To balance a nutrient recipe, the total number of cations must equal the total number of anions. But certain cations such as K+, Ca2+ and Mg2+ are antagonistic towards one another, and it is vital to mix these elements in specific ratios to ensure optimal plant growth. Note, cations and anions with a single charge (+) will be absorbed more easily than cations and anions with a double (2+) charge. Thus, it is important to check the ratios of the cations and anions when calculating fertilizer recipes.

Antagonistic reactions also occur between ammonium (NH4+) and potassium (K+). In tomatoes, during the formation of the first 2 to 3 flowering trusses, the K:N uptake ratio is about 1.2:1, and will increase to approximately 2:1 with an increased fruit load. To compensate for this higher K+ uptake, it is necessary to increase K+ concentration.

Synergistic uptake is also possible. Nitrate (NO3) improves the uptake of cations such as K+, Ca2+ and Mg2+.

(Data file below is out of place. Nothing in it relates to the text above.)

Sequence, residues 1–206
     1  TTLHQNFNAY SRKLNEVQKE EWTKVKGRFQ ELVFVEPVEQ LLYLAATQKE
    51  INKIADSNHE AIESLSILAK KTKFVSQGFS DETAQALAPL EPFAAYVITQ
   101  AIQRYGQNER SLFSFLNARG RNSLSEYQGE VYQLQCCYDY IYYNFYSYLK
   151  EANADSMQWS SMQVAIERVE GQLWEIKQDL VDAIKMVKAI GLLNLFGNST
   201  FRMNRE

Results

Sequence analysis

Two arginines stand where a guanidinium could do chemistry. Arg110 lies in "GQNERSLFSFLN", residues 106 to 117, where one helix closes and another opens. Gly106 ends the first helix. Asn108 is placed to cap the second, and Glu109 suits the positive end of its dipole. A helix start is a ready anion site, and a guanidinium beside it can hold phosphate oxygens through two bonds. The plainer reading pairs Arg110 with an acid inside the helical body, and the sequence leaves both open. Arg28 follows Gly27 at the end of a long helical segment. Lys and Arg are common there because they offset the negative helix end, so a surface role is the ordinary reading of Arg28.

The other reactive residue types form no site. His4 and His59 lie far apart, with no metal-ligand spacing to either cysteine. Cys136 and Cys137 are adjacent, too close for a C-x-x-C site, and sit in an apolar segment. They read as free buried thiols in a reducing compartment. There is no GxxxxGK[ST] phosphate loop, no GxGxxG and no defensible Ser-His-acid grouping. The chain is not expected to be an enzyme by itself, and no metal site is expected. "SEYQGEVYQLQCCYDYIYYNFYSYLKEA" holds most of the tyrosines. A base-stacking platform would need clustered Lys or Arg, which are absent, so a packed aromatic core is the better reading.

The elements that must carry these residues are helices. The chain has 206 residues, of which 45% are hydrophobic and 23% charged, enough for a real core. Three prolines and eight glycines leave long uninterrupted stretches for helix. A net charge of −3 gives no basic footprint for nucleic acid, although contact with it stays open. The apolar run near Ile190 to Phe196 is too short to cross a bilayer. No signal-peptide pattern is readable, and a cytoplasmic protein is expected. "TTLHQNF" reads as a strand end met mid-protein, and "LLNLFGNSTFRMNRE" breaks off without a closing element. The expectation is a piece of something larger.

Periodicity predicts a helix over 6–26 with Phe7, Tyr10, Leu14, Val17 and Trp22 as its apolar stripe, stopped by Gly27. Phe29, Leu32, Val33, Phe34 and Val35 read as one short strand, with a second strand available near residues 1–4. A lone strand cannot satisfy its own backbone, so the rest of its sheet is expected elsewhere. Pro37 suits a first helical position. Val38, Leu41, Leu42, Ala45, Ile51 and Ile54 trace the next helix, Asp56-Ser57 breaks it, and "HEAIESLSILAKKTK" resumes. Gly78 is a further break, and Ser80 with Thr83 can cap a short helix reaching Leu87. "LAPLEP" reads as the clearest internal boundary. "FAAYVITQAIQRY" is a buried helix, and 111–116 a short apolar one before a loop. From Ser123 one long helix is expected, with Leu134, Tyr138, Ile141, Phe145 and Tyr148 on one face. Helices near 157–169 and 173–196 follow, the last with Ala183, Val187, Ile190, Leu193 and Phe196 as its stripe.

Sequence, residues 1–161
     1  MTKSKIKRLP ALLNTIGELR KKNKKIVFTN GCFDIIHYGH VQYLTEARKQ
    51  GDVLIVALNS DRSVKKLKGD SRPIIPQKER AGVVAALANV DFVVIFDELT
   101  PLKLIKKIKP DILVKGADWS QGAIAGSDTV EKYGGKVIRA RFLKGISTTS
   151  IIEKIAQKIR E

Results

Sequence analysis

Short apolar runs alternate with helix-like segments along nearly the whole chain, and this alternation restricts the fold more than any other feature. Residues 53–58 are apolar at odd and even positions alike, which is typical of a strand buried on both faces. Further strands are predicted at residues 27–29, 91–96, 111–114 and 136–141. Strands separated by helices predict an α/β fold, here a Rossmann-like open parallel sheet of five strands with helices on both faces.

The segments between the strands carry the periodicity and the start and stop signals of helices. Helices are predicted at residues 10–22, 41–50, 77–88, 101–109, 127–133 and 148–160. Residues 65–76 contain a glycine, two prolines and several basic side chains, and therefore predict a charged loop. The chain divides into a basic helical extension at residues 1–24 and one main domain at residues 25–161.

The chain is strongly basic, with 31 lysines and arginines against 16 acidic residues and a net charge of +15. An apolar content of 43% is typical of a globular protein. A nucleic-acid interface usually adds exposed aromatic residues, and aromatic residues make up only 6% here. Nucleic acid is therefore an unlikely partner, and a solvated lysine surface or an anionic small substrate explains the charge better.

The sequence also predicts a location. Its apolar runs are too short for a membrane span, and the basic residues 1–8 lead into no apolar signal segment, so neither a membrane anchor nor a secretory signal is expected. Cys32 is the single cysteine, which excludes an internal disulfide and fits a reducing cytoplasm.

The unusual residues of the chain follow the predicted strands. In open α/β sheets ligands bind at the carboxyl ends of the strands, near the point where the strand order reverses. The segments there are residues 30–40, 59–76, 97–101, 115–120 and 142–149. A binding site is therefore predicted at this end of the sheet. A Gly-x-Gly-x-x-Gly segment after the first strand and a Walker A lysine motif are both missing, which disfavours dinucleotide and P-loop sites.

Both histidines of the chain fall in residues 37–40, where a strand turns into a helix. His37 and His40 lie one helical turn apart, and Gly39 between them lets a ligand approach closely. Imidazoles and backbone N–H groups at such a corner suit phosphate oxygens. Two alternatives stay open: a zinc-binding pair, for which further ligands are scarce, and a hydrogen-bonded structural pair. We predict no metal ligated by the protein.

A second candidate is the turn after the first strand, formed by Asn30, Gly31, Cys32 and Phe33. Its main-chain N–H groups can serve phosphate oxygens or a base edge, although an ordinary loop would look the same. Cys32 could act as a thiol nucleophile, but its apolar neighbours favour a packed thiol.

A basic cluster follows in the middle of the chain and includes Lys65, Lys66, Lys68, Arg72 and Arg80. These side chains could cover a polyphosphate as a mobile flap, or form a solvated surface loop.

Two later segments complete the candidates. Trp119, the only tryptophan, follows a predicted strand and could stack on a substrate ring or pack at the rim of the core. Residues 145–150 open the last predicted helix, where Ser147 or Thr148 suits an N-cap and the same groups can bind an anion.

Interpreting WC and EC graphs
By measuring water content (WC), EC and water temperature within the rootzone, growers can formulate an irrigation strategy considering the crop type and developmental stage, solar radiation levels, overnight substrate dry back, etc. Irrigation is necessary to replenish the decreasing substrate WC and EC during transpiration. Each irrigation cycle stimulates a vegetative impulse in the plant, and small but frequent irrigation volumes will increase the WC. This action is beneficial especially during high transpiration periods. Large irrigation volumes with long waiting times between irrigation cycles can decrease the WC and have a generative effect on the plant.

Irrigation start and stop times have a major influence on substrate WC. Early start and late stop times (less than ±2 hrs after dawn/before dusk) will equate to a small overnight dry back, resulting in vegetative plant steering. The opposite is true when large overnight dry backs are prevalent, stimulating generative plant steering, and is due to late start and early stop times. Therefore, plant growth can be steered in a vegetative or generative direction using a specific irrigation strategy. The golden rule to remember is transpiration before irrigation! Following this strategy will reduce the potential increase in active root uptake, and reduce the risks of certain physiological problems such as Mycosphaerella melonis (gummy stem blight), BER, etc.